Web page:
Emirates Airlines operates a full wide-body aircraft fleet from four aircraft families: the Boeing 777, the Airbus A330, the Airbus A340, and the Airbus A380. In keeping with its policy of maintaining a young fleet, which stands at an average of 5.7 years in April 2008, it renews its fleet frequently. In July 2008, Emirates received its first Airbus A380 and in August 2008, it became the second airline to fly the Airbus A380, after Singapore Airlines. The airline will be using the aircraft on daily direct flights to New York (starting 1 August), London Heathrow (starting 1 December), and Sydney/Auckland (both starting on 1 February 2009).


The Emirates fleet consists of the following widebody aircraft as of September 2008:
Emirates Airline Fleet
Aircraft Total Orders Options Passengers
Haul Entry into Service
Airbus A330-200 29 0 0 237 (12/42/183)
278 (0/27/251)
Short-medium haul In service
Airbus A330-300 0 30 0 Medium-long haul 2011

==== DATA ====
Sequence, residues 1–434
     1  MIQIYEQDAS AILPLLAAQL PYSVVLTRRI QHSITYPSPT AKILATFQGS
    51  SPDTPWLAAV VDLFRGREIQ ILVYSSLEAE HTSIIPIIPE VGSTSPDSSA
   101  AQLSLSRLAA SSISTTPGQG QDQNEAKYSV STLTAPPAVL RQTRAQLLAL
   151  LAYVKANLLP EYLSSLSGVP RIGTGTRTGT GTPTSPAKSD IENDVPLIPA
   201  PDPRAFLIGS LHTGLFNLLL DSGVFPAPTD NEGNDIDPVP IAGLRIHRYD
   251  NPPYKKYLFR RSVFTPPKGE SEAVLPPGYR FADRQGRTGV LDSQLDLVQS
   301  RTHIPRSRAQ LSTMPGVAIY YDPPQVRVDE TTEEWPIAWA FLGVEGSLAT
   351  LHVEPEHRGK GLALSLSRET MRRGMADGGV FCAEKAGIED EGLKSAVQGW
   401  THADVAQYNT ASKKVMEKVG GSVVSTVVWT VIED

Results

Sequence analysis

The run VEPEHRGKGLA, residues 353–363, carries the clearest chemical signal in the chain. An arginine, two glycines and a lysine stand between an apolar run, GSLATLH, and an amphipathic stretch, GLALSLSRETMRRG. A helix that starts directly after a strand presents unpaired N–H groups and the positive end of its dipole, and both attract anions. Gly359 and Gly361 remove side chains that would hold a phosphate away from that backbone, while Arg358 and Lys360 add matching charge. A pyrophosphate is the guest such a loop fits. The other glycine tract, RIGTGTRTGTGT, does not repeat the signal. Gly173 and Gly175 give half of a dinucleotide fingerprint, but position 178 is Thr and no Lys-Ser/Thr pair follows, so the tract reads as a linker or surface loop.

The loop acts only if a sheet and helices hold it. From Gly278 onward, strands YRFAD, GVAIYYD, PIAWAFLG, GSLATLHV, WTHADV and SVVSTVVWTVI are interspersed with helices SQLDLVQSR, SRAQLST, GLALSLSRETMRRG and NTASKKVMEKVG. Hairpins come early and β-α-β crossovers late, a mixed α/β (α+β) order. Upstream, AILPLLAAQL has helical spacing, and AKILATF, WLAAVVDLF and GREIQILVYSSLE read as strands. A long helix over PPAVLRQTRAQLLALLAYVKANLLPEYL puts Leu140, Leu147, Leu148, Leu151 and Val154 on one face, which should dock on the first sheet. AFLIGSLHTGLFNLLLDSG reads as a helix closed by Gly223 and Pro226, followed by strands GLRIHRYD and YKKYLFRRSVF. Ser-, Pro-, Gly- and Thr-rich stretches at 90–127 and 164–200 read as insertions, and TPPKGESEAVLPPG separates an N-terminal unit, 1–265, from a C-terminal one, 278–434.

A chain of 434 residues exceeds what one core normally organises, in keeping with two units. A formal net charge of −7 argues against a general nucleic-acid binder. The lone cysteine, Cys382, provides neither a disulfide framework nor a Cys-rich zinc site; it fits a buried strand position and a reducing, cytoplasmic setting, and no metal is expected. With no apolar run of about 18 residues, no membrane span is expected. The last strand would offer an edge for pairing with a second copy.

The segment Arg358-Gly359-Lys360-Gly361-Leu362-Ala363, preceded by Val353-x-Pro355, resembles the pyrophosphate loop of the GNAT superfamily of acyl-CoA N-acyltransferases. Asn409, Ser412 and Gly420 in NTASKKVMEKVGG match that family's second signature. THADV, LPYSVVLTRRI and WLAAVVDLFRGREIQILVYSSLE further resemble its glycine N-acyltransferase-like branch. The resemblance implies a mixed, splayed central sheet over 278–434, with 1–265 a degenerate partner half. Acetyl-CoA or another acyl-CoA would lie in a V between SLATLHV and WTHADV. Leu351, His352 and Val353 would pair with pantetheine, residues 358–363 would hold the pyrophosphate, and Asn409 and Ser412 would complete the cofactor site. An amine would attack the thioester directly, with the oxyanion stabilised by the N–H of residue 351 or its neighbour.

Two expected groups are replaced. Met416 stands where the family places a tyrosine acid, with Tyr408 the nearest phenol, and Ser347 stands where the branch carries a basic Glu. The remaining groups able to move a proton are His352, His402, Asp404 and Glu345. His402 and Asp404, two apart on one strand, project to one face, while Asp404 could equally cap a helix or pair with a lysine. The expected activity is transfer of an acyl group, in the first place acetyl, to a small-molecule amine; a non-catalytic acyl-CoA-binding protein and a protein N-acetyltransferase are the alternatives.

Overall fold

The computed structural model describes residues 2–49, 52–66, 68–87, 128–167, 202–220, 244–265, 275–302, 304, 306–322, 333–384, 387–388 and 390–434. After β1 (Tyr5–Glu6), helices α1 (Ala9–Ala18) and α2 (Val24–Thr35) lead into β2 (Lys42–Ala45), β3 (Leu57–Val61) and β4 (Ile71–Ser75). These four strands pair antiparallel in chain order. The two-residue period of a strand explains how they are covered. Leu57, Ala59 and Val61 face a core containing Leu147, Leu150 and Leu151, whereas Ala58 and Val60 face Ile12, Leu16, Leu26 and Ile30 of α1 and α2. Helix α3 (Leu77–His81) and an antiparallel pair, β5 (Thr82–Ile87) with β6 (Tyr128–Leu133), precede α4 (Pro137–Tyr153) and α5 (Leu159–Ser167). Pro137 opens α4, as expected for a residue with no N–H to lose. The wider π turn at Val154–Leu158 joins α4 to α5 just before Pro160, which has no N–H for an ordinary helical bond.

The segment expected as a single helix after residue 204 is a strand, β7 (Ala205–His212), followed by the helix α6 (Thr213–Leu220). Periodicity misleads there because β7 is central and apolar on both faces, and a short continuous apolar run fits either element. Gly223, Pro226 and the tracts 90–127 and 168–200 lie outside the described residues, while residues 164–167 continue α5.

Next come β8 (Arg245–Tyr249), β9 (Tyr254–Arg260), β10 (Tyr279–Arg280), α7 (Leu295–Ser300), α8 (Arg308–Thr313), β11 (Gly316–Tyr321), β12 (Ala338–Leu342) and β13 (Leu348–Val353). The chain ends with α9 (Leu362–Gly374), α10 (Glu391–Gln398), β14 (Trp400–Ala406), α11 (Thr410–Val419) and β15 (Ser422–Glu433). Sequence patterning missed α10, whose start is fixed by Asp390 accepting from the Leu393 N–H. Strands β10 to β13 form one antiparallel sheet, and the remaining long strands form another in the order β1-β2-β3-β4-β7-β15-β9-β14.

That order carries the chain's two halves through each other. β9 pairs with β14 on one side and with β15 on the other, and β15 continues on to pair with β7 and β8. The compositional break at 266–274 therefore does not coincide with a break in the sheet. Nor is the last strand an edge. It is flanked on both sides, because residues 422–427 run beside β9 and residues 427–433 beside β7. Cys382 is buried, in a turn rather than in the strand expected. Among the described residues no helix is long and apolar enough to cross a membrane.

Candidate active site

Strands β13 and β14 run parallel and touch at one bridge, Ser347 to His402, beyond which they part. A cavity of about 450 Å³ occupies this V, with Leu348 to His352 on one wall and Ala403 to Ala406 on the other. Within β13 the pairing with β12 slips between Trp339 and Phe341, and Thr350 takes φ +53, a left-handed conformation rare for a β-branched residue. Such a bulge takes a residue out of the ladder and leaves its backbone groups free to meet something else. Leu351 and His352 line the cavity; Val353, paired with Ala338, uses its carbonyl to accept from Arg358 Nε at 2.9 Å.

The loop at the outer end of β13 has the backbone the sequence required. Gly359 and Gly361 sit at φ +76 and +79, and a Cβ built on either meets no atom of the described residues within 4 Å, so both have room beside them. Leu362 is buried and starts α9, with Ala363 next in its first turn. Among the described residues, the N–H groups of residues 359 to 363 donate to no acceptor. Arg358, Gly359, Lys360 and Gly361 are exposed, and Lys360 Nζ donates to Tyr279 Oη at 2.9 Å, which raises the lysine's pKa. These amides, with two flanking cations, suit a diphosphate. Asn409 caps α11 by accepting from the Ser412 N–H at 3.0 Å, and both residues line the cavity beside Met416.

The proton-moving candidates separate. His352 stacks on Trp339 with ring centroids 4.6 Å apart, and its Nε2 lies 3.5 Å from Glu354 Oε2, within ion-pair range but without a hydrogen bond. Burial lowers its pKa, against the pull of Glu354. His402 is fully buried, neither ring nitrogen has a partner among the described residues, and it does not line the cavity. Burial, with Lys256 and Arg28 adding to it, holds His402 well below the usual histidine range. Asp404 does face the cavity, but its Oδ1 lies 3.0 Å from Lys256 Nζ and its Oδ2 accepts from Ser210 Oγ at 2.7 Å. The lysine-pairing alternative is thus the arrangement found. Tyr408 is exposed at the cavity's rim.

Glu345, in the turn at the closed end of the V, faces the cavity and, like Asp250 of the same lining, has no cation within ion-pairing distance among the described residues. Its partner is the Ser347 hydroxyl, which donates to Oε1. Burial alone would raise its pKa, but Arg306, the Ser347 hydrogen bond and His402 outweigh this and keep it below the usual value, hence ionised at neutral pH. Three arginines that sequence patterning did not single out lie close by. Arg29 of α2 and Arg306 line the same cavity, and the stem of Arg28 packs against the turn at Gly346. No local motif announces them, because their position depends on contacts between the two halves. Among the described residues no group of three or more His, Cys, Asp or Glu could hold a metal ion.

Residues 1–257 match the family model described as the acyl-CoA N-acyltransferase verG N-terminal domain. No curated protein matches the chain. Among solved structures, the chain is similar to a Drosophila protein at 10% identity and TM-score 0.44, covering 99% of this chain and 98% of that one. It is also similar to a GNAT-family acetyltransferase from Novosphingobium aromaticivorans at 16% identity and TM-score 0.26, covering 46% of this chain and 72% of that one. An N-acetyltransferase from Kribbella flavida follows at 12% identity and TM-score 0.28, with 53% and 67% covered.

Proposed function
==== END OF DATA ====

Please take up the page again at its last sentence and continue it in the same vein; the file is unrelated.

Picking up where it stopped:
Airbus A340-300 8 0 0 267 (12/42/213) Long haul In service
Airbus A340-500 10 0 0 258 (12/42/204) Ultra long haul In service
Airbus A350-900 XWB 0 80 20 Short-Medium haul 2014
Airbus A350-1000 XWB 0 20 0 Ultra Long haul 2015
Airbus A380 1 57 0 489 (14/76/399)
Ultra long haul In Service
Boeing 777-200 3 0 0 290 (12/42/236)
346 (0/42/304)
Medium-long haul In service
Boeing 777-200ER 6 0 0 290 (12/42/236) Medium-long haul In service
Boeing 777-200LR 6 4 0 266 (8/42/216) Ultra long haul In service
Boeing 777-300 12 0 0 364 (12/42/310)
380 (18/42/320)
434 (0/49/385)
Medium-long haul In service
Boeing 777-300ER 36 35 0 354 (8/42/304)
358 (12/42/304)
364 (12/42/310)
427 (0/42/385)
Medium-ultra long haul In service

Fleet developments

The airline has ordered 58 Airbus A380 aircraft and is the second airline to receive the aircraft, after Singapore Airlines, the launch customer. 41 passenger A380-800s are to be purchased and two are to be leased from International Lease Finance Corporation (ILFC). After delivery, the airline will be the largest operator of the type.

As of 20 November 2005, Emirates had an order book of $117 billion, comprising 105 firm orders, including 55 Airbus A380s, and 51 Boeing 777 aircraft.

The airline has converted an order for A380F into the passenger version which are due for delivery in 2009. In its place the airline has ordered ten of the recently launched Boeing 747-8 freighters for its SkyCargo subsidiary. Emirates has chosen the Boeing 747-8 "derivative" freighter over the all-new Airbus A380-F for its nose-loading capability, something the rival Airbus freighter is lacking.